While he did not enjoy being a pariah, he decided to let things sort themselves out. He would move the ball now and see where the dust settles over the long run.
In the end, he has been highly vindicated in many areas and proven wrong a few, with a hung jury in others — none of which is the point.
The point is that he showed great wisdom in not taking time from moving the ball to defend his reputation. He felt that if he was wrong, the time spent in defending his reputation was a waste of time. And if he was right, the time spent in defending his reputation was doubly a waste of time.
He let history be his judge, because he had churches to build and could not be bothered with trivia like assaults on his reputation.
3. Problems aren’t solved in meetings.
Dad worked in the context of a 300 year old stream of the faith that was quite ideologically driven, and quite schismatic. On the average, this denomination splits every 40 years, just to keep in practice.
So at any given time there were war drums being beaten by some impassioned champion of theological purity or methodological orthodoxy. I have watched endless issues come and go, with people choosing sides and pouring forth verbiage as only a Teacher organization can.
After the champions had stated their cause and proclaimed the extreme importance of their issue, and the lines were drawn in the sand, the next phase was meetings. And more meetings. And bigger meetings. Sometimes for years.
I watched Dad repeatedly take a stand, announce it to his family at the dinner table, then walk away from the topic and go back to moving the ball. On one occasion the powers that be demanded that Dad show up at a meeting in the U.S., but for the most part, he avoided debating meetings like the plague.
And what he taught me is that right is determined on the playing field. If it is true, it should work, and the truth of an idea can be seen in the fruit that it bears.
So while the wise men of the day were writing profound papers, citing the implications of the aorist tense of Greek verbs in rightly dividing one specific Word of Truth, Dad was putting his ideology to the test as seed in the ground.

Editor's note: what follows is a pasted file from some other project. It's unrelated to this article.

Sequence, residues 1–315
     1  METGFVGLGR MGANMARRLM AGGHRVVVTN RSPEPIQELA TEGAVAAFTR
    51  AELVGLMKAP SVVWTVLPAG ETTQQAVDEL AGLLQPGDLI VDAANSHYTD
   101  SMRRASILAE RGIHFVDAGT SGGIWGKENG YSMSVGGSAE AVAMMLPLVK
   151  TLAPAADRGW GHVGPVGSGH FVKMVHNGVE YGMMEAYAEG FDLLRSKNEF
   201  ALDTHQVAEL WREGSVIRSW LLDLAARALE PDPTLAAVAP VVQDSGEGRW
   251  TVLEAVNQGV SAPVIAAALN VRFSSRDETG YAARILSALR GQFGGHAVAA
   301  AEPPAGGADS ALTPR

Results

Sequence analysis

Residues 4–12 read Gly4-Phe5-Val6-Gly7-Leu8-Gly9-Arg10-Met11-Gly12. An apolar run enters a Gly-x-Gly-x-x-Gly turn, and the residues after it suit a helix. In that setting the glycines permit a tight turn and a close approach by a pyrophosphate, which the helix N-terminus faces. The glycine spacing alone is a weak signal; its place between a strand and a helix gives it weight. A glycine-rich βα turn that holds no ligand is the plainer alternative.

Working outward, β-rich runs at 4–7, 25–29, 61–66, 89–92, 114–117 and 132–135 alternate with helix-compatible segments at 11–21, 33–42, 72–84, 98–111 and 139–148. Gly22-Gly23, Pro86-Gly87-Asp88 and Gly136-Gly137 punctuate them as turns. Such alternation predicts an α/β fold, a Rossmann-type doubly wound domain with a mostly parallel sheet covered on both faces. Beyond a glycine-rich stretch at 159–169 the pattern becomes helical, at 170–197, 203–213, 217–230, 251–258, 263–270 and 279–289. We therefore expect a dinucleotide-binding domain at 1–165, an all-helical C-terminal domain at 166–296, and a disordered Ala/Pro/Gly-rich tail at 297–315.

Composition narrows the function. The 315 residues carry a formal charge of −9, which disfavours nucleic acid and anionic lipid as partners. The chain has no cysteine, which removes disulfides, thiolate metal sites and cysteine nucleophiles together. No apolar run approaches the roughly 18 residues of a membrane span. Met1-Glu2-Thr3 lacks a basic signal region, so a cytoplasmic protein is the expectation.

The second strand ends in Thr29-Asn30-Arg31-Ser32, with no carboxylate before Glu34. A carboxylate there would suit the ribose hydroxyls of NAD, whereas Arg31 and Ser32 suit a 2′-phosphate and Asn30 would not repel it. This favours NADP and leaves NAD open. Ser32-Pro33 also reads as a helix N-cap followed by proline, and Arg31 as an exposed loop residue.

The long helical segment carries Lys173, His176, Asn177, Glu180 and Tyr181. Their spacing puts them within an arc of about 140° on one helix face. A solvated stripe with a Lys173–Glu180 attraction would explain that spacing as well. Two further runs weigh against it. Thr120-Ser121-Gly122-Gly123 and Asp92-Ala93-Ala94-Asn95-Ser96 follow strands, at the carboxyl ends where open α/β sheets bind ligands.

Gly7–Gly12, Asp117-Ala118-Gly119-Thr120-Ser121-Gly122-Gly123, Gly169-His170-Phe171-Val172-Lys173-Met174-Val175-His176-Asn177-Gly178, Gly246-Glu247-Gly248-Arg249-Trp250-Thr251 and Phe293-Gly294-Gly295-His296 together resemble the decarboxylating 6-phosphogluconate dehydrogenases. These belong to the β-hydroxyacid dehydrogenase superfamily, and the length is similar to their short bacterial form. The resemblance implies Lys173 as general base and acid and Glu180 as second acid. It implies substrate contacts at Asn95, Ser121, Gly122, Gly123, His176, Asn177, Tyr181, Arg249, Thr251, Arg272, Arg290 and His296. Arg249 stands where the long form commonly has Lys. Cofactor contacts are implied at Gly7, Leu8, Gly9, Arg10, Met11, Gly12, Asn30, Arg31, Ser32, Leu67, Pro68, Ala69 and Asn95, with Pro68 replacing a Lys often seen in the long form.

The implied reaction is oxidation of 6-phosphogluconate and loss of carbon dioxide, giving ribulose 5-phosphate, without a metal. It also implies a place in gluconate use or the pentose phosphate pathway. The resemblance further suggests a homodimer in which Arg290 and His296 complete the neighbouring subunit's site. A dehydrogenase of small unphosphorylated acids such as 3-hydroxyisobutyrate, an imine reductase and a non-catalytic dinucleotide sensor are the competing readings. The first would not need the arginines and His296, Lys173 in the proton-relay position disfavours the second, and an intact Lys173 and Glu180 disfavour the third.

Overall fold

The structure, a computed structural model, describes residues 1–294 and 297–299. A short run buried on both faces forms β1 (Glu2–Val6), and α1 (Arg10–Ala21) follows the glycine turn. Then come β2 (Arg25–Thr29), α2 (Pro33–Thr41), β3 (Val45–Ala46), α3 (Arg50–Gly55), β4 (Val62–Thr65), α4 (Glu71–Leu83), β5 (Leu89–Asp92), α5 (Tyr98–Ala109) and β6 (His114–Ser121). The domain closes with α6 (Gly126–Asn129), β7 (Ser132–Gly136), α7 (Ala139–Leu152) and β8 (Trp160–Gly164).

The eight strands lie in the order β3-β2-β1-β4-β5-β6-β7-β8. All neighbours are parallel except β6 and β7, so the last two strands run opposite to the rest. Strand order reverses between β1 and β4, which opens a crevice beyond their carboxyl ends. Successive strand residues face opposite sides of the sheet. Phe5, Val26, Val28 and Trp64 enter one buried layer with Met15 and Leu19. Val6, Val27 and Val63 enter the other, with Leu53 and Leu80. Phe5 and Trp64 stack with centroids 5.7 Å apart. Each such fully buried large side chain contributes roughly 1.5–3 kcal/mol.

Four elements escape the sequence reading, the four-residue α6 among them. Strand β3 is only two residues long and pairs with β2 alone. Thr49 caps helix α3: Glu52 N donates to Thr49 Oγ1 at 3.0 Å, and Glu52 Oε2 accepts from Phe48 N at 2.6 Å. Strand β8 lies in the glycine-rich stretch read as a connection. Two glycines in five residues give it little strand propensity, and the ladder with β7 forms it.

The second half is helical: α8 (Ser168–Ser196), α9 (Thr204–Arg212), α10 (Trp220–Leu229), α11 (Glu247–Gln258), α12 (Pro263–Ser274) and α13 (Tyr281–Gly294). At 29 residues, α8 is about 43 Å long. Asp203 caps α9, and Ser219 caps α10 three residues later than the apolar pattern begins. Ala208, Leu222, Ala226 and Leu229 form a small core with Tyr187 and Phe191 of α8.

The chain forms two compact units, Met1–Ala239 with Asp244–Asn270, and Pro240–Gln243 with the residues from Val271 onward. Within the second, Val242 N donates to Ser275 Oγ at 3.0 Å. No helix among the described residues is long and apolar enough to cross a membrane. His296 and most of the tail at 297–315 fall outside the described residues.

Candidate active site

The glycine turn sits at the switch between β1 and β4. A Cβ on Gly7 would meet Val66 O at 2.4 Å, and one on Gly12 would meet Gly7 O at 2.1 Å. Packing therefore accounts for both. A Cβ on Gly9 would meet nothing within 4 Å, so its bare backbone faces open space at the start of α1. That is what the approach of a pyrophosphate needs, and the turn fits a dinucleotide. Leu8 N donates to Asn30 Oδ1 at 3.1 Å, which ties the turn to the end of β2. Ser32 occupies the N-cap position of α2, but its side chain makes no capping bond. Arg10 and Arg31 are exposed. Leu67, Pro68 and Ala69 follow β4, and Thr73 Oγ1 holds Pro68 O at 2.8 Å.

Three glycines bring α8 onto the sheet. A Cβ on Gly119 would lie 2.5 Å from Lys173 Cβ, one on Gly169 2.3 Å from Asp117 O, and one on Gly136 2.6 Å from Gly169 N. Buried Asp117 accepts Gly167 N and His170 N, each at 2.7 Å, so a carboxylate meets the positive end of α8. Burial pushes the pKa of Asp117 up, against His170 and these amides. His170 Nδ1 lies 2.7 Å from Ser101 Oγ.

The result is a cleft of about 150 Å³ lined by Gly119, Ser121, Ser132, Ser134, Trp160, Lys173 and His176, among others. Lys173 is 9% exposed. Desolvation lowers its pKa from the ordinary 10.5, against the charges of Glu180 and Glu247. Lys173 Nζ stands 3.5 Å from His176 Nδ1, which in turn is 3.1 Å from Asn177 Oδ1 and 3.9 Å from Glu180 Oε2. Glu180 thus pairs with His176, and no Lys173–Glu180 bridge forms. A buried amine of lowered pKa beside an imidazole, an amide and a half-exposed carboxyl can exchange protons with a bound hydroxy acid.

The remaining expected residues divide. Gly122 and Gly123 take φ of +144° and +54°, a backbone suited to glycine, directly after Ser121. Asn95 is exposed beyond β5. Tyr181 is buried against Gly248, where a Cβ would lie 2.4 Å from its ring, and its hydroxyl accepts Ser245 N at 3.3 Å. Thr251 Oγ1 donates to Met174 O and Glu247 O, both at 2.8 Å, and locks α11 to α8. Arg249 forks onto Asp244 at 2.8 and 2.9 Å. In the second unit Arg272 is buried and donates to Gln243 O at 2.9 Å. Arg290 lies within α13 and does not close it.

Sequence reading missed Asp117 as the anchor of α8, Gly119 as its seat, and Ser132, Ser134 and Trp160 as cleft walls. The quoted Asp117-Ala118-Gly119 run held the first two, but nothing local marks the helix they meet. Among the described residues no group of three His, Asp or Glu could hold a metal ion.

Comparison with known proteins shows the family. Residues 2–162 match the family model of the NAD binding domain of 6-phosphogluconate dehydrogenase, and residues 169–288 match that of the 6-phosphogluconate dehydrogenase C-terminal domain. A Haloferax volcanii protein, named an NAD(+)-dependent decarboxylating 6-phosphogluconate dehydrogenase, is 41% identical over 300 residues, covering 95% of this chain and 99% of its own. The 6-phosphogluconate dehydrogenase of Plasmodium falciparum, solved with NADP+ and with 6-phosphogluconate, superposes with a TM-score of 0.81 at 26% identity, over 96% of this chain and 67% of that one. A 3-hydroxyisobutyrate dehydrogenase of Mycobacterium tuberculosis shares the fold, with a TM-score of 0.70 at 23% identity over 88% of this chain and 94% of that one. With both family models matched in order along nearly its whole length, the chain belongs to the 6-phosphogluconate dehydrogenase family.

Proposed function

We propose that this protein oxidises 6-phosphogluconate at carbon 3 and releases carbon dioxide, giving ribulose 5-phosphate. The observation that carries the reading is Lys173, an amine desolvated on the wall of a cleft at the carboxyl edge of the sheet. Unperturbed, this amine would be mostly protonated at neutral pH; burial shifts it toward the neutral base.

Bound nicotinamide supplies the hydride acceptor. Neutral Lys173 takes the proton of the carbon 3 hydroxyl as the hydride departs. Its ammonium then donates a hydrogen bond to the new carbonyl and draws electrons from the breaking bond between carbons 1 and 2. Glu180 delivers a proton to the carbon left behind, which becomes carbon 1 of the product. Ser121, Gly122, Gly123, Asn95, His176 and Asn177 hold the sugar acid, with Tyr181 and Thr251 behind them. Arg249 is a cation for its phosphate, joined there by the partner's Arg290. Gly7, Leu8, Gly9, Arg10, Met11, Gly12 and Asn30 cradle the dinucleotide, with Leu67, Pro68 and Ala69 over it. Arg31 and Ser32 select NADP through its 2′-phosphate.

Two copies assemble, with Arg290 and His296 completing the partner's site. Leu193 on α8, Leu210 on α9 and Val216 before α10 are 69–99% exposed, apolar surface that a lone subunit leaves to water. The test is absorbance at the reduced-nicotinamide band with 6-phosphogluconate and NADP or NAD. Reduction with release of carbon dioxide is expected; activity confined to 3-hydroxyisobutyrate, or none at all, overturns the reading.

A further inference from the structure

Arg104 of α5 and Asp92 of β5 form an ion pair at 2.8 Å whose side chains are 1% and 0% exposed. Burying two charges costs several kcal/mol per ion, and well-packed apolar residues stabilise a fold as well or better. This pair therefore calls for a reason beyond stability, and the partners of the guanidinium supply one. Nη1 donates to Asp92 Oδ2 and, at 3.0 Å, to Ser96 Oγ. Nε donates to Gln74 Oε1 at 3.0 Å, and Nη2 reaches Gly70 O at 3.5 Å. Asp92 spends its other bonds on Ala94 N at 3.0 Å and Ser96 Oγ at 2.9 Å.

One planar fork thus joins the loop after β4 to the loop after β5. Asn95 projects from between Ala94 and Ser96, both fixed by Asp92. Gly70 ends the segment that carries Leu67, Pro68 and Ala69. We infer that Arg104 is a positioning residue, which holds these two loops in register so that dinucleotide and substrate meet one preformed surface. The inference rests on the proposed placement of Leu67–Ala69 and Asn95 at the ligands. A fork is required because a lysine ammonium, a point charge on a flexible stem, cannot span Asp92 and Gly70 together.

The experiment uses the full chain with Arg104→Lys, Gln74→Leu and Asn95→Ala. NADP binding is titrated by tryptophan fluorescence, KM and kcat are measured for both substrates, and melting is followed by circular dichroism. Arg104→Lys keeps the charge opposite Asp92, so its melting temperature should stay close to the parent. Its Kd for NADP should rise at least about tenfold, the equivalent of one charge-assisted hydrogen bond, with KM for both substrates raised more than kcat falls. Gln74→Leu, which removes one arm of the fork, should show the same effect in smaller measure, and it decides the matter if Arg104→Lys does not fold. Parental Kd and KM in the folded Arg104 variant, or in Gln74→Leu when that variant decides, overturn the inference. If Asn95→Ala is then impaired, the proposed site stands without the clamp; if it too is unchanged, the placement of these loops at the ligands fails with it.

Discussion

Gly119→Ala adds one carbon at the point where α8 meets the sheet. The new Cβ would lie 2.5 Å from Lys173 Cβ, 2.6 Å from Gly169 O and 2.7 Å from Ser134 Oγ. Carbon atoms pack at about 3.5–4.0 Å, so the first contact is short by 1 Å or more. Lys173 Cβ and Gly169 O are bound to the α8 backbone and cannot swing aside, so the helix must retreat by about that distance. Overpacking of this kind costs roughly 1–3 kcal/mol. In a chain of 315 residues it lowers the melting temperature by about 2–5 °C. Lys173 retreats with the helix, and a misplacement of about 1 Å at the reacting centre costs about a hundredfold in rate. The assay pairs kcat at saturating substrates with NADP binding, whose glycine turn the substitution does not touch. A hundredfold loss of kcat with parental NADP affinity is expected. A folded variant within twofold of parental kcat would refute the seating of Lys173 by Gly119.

In the end, I saw that large harvests or catastrophic crop failures (he had both) were more convincing than parsing Greek verbs to a room full of angry people who have already made up their minds.
4. Don’t count your losses.
Dad ran a numbers game. During year one in a new neighborhood, he would visit about 50% of the homes and introduce himself and the gospel of Mark. He came back to those who were interested. He usually had at least 500 people willing to accept a second visit.
Year two, he was working with around 50 people.
By year three, enough truth was on the table that people were being forced to make choices. His following dropped sometimes as low as a dozen people.
By year four, the dozen were multiplying and the multiplication never stopped.
Nor did the subtraction.
It never ceased to amaze him who would suddenly walk away from the church after a year or a decade of radical commitment. It hurt. We would hear about it at dinner time.
He never let the number of people who rejected him at the beginning — or at any point in his life — become a factor in his strategy. He did not dwell on them because on any given day, there were more people who were open to what he had to share than he had hours to minister to.
His eyes were clearly focused on the ten at hand who were hungry and engaged, not the ten dozen who had left.
5. Make room for beauty.
Missions in the jungles of a third world country is not for aesthetes. Functionality trumped elegance. Primitive was more common than refined.
I particularly remember the house at Quatipuru. Dad bought an existing small mud and wattle house. Then he added a three room wood and corrugated iron addition to the back of it that was architecturally utterly alien to the whole county.